Copyright 2016. Christine Tsen. All rights reserved.‚Äč


When my daughter was a child, she flapped her wings on the soccer field pretending she was flying, pointedly ignoring where the soccer ball was going, which was in the opposite direction.  She was more engrossed in her imagination than in competition.

"When I was a child, I spoke like a child, thought like a child, reasoned like a child.  When I became a (wo)man (an adult), I did away with childish things." (1 Cor. 13:11)  

This is a Bible verse I'm not sure I completely understand.  I have certainly had a little immaturity (I mean, everyone has a little, right?).  No, not just a little, maybe a bit more -- some.  Okay, a lot.  Gobs.  Enough to go around.  Enough to get me into situations that have astonished and frustrated my friends and loved ones.  You see, growing up and even now, I've believed it's more important to remain childlike and laugh every day than it is to be mature.  When I was a young girl, my favorite activity was spying.  Finding out the secrets of others and observing their behavior in a notebook gave me hours of glee :)  I haven't changed much.   But I need to know when to get serious, when to keep my word as an adult, when to tell the truth without embellishment, how to be absolutely trustworthy to those closest to me.

"Truly I tell you, unless you change and become like little children, you will never enter the kingdom of heaven." (Matthew 18:3)

And so here is the paradox.  That one must be an adult, but also be like a child, if one is to reach self-actualization (and heaven).  Confront life's challenges, make life's hard decisions, maturely.  Where does that reside in the life of a child?  From the head?  The heart?  From intuition?  Or instruction?  All of these.  Does it really have to be this complicated?  Maybe that's what Jesus was saying here --- that as a by-product of growing up and becoming an adult, we complicate things, many times overly much, until we make ourselves sick.  A childview uncomplicates the drama; they just see the solutions, unfettered.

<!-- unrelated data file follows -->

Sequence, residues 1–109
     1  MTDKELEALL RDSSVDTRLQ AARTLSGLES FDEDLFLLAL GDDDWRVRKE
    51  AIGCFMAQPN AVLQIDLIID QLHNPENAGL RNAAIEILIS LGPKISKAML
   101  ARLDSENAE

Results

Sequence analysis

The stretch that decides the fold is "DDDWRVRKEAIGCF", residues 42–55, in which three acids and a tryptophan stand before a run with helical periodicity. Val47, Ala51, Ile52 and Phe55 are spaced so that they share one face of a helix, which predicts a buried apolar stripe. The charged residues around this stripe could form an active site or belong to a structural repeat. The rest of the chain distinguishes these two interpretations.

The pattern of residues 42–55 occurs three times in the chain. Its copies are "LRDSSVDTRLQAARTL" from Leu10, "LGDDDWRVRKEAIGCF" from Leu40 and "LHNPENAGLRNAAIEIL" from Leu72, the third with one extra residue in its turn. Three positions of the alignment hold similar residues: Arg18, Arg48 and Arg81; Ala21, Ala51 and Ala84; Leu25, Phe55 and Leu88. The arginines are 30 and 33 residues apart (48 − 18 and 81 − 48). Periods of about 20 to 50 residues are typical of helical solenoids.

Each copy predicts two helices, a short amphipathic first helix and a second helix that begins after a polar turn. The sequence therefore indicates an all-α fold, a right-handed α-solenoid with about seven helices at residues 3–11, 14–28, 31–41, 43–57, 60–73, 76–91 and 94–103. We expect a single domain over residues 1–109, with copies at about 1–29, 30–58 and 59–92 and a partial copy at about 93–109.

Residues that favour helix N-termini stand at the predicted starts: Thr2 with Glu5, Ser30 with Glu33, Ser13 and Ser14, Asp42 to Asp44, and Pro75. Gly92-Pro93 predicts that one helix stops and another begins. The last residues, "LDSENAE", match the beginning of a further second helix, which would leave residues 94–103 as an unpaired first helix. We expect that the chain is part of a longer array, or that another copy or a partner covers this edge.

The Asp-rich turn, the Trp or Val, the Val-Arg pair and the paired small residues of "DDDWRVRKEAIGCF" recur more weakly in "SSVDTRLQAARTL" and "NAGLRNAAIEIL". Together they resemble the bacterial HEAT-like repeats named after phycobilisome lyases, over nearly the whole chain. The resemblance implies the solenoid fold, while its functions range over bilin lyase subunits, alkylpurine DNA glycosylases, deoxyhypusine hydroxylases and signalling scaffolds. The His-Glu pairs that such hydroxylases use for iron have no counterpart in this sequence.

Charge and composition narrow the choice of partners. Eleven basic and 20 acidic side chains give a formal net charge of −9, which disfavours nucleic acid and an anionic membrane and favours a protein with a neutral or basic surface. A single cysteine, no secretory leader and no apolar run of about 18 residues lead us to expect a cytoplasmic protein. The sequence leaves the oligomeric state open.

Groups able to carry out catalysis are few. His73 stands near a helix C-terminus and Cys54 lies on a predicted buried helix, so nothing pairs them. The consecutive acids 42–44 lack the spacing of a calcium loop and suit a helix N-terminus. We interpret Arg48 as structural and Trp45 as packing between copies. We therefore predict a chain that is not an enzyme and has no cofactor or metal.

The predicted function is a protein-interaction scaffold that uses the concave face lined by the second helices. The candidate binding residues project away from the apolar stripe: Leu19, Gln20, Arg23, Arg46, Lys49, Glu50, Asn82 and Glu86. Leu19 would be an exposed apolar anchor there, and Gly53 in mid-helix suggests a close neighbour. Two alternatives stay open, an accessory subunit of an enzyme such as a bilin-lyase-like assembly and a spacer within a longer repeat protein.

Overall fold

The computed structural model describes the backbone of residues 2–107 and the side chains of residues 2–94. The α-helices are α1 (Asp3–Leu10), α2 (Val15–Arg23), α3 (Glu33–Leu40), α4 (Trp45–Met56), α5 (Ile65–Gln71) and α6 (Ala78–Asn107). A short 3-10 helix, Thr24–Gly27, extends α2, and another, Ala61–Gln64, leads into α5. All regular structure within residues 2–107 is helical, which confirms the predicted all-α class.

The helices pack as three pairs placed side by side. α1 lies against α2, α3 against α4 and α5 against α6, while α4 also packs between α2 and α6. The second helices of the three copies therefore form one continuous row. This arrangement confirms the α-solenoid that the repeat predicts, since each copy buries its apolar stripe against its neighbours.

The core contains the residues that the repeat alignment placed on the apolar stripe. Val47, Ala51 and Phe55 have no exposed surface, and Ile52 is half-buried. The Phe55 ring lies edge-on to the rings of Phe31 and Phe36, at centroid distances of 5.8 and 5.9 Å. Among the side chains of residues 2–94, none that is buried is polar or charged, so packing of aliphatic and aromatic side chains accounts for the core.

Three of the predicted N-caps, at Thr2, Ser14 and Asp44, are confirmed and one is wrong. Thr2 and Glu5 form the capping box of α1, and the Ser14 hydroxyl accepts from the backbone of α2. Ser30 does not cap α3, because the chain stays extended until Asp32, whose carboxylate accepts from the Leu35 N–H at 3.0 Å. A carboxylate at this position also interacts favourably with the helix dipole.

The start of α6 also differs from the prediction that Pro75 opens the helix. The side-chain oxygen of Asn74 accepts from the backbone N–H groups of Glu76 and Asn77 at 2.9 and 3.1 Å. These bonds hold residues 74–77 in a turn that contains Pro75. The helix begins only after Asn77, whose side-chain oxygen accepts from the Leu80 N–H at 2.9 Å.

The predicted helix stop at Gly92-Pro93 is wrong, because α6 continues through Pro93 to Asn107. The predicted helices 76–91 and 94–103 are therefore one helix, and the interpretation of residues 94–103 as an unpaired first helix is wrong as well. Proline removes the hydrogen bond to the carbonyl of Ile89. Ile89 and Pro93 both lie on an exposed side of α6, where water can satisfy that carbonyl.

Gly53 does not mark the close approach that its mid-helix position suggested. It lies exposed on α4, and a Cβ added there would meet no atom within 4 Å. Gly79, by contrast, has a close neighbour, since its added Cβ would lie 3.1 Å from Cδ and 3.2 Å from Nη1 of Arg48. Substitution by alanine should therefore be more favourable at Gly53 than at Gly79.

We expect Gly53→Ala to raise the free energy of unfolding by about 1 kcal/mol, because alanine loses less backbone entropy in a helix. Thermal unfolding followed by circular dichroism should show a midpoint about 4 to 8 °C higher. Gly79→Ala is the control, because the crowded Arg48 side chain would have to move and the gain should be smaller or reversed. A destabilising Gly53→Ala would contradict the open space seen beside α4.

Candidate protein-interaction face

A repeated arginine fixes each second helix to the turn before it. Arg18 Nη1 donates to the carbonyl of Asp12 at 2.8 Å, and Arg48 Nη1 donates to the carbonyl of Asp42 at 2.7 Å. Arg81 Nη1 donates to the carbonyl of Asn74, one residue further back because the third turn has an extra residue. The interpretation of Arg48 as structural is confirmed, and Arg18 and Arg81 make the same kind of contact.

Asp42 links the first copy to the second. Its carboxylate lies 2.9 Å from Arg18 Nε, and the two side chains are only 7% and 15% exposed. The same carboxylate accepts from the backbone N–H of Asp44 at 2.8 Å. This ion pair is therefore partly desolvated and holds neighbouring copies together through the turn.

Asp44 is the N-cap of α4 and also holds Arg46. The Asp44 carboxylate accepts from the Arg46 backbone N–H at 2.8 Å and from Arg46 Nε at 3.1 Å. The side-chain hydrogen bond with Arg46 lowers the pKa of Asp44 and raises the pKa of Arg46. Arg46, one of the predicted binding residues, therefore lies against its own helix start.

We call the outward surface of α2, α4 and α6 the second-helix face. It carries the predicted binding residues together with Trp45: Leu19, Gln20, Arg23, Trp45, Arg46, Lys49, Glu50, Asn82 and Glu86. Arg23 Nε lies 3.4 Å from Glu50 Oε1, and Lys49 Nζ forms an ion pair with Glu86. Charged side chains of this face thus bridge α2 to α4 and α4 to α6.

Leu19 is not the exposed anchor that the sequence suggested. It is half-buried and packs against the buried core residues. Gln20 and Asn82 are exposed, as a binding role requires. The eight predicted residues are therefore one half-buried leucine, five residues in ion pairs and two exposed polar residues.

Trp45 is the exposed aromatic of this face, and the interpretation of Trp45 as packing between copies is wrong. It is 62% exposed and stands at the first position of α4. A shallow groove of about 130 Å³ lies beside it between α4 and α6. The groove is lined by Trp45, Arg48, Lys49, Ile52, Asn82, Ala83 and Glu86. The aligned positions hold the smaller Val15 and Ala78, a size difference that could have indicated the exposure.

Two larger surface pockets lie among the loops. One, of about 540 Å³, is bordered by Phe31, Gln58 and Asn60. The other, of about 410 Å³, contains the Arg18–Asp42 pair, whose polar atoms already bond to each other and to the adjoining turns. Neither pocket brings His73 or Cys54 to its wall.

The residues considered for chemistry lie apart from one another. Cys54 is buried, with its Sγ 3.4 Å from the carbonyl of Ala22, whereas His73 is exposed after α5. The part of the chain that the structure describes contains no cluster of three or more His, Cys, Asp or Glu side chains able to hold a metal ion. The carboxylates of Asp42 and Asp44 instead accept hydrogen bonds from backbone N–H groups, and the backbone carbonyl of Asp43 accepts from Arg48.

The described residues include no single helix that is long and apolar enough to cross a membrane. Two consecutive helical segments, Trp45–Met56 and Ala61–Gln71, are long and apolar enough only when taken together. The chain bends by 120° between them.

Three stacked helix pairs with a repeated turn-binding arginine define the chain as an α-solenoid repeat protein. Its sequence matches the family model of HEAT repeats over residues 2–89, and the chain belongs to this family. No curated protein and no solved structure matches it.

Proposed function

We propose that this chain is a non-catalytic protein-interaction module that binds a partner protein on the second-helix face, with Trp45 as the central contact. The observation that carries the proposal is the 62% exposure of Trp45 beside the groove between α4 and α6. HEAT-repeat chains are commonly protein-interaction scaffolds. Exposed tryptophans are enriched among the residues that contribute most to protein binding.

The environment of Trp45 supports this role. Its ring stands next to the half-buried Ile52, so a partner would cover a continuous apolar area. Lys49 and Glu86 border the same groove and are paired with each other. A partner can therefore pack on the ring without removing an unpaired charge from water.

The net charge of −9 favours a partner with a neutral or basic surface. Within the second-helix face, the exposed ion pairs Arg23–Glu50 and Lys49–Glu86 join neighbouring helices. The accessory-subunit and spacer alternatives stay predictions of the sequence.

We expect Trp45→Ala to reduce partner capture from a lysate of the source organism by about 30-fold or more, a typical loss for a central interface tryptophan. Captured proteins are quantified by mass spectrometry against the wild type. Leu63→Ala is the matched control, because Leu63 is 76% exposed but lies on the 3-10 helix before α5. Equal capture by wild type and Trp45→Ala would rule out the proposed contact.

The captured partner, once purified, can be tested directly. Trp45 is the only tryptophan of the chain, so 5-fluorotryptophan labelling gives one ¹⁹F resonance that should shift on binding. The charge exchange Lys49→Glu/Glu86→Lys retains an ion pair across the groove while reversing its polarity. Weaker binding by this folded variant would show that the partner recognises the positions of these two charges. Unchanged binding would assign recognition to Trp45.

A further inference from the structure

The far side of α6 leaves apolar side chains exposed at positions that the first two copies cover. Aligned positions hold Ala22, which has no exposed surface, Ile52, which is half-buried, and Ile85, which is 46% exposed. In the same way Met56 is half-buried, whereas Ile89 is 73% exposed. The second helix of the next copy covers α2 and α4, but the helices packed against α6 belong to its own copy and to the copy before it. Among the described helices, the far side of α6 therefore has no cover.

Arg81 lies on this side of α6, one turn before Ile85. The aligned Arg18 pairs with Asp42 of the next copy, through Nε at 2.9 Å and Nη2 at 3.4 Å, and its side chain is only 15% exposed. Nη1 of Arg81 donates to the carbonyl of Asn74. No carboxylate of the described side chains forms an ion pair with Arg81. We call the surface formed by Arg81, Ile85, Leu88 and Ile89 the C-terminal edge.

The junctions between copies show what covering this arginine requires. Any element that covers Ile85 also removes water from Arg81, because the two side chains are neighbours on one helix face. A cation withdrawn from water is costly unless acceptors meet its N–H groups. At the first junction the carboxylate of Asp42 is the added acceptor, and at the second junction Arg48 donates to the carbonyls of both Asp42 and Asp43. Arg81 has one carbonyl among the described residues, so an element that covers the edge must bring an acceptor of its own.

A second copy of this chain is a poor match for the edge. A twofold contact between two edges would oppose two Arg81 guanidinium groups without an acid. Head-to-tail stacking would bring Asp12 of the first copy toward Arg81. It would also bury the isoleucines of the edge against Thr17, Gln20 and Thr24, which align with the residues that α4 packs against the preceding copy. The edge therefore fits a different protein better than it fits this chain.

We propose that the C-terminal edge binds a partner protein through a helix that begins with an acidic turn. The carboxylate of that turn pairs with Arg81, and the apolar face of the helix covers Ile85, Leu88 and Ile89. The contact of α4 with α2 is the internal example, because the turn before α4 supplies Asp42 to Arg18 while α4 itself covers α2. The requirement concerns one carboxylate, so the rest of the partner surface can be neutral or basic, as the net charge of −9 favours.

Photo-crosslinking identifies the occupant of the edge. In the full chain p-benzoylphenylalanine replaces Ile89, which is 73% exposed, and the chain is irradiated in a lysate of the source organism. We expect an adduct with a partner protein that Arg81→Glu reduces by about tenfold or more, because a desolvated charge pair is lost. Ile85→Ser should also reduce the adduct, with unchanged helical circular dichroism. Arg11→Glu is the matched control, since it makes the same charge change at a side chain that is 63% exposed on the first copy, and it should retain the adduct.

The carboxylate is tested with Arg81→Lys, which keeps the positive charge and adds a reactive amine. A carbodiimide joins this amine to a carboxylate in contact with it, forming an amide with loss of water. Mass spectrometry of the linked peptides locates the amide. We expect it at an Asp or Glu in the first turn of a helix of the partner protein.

I am learning through melancholy, through a rupture in a treasured relationship, that I need to listen more carefully to my dear others.  As I sit here with a fever, probably sick from crying, I realize that for me it often takes the insights of others to help me recognize where I need to take stark notice.  

"You can do what I cannot do.  I can do what you cannot do.  Together we can do great things.  --Mother Teresa

I tend to overlook failings of others and also myself.  This is humility, to recognize that one cannot do it all.  I just want to live in the spirit of love, believing that the heart can be healed and joyful and thrive with intimate connection to another.  Love never fails, never ends, and is the only thing that lives eternal.  

"And now these three remain, faith, hope and love.  But the greatest of these is love" (1 Cor. 13:13)

And I don't think we should be putting conditions on our love for others.  I don't expect perfection in my friends or in myself.  Of course, I am hardest on myself, and that is as it should be.  But what I am saying is I accept everyone as they are, flaws and all, and especially those I care deeply for.  God, I think people are beautiful as they are.  Perfection is an illusion, the pursuit of it is a trap, and the enforcement of it (i.e., criticism) harms the soul.  I want to build up, to get on with relationship and love people just as they are.  Human.  We are all in this sky and mud together.  

"There is an eagle in me that wants to soar, and there is a hippopotamus in me that wants to wallow in the mud." -- Carl Sandburg